Compiled by: Michael Lynch, Electronic Media Producer, College of Nursing

Mental Health First AidAccording to the National Alliance for the Mentally Ill (NAMI), one out of four Americans is affected by mental illness.

Mental Health First Aid is a public education program to help participants become aware of the risk factors and warning signs of mental illness. Like CPR and regular First Aid training, Mental Health First Aid prepares participants to interact with a person in crisis and connect the person with help. The program teaches participants a five step action plan, offers concrete tools and answers key questions, like “what do I do?,” “where can someone find help?” and “who is at risk of suicide or harm?” The training also integrates role-playing, and simulations to give participants the skills to help someone who is exhibiting signs of mental illness or experiencing a mental health crisis.

College students in particular face unique situations that may increase stress levels.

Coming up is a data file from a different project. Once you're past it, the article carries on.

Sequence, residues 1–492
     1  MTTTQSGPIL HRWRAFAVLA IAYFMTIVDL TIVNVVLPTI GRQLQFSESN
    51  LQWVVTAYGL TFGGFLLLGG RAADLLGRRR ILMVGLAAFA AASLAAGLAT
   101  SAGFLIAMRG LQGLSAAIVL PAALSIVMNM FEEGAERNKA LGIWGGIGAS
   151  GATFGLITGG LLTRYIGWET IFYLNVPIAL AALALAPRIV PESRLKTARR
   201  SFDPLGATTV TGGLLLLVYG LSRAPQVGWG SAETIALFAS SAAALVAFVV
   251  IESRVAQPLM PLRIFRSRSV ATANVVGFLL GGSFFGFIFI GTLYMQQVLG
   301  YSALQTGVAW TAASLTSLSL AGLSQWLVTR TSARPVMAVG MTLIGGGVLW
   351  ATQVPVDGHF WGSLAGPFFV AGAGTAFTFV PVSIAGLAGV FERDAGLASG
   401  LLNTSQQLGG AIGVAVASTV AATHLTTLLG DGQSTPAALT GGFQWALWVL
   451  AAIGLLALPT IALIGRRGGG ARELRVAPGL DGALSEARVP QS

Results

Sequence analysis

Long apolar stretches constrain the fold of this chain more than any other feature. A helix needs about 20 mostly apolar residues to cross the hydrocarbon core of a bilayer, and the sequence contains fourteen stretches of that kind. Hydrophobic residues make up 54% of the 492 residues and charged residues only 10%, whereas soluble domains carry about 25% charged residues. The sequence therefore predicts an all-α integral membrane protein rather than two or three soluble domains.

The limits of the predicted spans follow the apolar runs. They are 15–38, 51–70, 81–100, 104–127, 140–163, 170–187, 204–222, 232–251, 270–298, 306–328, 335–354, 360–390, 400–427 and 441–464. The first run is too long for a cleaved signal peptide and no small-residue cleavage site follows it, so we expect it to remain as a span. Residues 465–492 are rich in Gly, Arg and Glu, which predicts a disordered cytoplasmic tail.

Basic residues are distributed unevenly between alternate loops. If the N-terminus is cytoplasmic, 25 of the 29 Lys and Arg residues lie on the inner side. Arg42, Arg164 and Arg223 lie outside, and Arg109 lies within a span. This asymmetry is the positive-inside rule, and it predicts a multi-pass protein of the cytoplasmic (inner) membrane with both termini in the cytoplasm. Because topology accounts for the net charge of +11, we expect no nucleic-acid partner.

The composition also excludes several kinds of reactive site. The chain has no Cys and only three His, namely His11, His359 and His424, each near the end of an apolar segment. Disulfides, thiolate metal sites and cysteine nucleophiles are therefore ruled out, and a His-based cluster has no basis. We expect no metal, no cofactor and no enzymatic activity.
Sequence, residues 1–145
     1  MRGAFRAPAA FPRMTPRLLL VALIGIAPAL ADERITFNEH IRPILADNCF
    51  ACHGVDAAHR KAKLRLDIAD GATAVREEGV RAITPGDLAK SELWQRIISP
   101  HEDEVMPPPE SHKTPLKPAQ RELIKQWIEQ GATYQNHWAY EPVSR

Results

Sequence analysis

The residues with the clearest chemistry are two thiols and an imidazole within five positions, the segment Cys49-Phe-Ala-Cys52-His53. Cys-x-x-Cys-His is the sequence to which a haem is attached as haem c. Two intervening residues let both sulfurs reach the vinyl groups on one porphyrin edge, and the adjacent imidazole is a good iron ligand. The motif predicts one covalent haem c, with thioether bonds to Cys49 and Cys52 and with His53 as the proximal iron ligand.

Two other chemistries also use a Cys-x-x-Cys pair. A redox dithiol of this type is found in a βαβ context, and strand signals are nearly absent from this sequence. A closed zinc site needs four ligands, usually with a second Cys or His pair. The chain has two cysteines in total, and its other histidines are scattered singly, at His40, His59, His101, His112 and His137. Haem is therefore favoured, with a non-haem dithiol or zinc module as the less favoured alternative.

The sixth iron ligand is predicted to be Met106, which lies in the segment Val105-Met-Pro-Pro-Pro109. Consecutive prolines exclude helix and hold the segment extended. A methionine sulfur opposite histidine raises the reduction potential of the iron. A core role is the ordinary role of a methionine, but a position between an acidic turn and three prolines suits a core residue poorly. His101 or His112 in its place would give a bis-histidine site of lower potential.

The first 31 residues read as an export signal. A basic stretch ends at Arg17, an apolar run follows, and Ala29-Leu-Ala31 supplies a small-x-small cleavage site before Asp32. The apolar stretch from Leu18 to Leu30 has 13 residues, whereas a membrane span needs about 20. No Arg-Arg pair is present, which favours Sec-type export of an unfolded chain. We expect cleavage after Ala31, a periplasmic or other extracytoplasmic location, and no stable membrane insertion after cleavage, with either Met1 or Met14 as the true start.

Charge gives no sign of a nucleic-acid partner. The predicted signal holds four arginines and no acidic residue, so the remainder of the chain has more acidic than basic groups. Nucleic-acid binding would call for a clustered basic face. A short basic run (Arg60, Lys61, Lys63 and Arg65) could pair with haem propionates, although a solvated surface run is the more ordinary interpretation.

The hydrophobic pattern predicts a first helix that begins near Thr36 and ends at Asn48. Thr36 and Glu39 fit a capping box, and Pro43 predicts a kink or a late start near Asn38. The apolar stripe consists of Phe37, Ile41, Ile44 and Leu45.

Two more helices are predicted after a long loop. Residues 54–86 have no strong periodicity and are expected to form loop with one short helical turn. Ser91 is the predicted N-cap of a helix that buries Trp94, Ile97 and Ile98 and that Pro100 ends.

Many find it difficult to find the balance between school, work and their social lives. Some of these students are away from the support of family and familiar friends for the first time in their lives.

The National Council for Behavioral Health states that the top reason students don’t use mental health resources is a lack of knowledge that those resources are available. Working in a higher education setting gives us a unique opportunity to engage these students when we recognize warning signs. With proper training, we can offer immediate assistance in times of crisis and direct them to resources on campus where they can get help without feeling ashamed or embarrassed.

Mental Health First Aid is a valuable resource that is a low cost, high-impact program that has been shown to be effective in generating awareness and support for those struggling with mental illnesses, addictions and suicidal thoughts.

Mental Health First Aid Training, October 16

Faculty and staff are invited to sign up for Mental Health First Aid with trainer John Murphy on October 16, in SCF 250 from 8:30am – 5pm (½ hour lunch break, lunch provided). The training is limited to the first 25 people. Sign up at here.